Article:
The Class III companions are the most visible part of these advancements. The Class IIIs are sentient machines, extensions and complementaries of their owners personality. They are also part of Coming-of-Age. Children do not have Class III companions. The gift of a Class III marks the entry into adult life.
But despite all this technology, society has changed little. For the most part it resembles the highly stratified society of late-czarist Russia. All protagonists are also part of the upper echelons of society, common people are absent. Their absence is so drastic, I at times wondered if they had not been completely replaced by Class II (menial work) robots. This fear was elevated later in the novel, though. Interestingly, the automatons seem to have a standing covering the entire spectrum from slaves to trusted friends. Levin, Stiva and Anna Karenina treat their companions with respect, while other members of High Society delight in cruel games involving their mechanical servants, very much like serfs used to be treated in czarist Russia, depending on their lord.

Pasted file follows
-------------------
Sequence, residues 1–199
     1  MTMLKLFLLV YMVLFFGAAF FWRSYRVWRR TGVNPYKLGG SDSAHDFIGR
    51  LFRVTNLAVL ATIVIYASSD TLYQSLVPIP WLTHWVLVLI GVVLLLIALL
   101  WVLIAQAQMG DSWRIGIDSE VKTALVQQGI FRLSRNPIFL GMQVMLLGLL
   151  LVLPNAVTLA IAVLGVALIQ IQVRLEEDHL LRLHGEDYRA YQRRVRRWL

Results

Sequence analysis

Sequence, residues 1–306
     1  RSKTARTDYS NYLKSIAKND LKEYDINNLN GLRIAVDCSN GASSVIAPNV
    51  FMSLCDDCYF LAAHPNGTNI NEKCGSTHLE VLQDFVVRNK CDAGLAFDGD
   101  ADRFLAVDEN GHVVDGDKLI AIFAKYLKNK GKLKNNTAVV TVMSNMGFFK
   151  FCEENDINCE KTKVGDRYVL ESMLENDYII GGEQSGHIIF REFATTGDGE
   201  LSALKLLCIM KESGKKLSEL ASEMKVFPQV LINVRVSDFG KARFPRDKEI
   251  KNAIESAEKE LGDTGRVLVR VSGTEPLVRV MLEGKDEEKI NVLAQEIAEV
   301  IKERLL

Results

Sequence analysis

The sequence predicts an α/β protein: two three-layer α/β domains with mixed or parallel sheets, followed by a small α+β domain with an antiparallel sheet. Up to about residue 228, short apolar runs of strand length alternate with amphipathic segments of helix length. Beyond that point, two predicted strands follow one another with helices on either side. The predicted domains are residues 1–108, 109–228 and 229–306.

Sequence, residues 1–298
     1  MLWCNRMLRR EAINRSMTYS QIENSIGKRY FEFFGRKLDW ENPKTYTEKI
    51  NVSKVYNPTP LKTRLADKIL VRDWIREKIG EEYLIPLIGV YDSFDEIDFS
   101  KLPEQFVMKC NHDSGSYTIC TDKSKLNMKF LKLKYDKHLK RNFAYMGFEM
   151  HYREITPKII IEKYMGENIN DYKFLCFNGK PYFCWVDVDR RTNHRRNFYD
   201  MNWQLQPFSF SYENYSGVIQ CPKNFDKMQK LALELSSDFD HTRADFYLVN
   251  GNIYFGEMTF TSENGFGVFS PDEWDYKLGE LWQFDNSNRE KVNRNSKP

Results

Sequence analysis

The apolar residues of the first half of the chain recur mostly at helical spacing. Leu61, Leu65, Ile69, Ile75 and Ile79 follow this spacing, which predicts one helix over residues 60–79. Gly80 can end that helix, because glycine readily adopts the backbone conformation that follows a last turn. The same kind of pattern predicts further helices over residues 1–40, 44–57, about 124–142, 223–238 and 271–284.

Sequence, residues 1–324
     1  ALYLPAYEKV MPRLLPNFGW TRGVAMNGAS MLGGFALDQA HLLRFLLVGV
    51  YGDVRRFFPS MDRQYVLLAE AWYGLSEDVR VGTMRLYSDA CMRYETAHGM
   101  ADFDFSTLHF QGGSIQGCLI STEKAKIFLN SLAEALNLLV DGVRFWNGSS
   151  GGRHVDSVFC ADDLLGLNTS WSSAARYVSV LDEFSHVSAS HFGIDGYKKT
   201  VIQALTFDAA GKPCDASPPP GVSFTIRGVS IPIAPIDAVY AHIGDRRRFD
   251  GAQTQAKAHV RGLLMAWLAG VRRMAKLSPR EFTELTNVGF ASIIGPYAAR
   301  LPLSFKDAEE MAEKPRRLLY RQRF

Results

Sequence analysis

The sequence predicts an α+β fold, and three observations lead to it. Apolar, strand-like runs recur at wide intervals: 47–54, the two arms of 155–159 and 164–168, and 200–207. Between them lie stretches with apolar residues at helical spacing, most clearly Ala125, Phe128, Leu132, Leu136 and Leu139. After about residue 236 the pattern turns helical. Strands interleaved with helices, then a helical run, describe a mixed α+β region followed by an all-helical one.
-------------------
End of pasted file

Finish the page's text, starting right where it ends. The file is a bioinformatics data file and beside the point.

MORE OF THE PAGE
In the first part of Android Karenina, we are also introduced to all the main characters and their various companions. This introduction is quite lengthy. As a result, Android Karenina has a rather slow start. Still, the high-tech vision of an extended 19th century depicted in the novel is quite enthralling.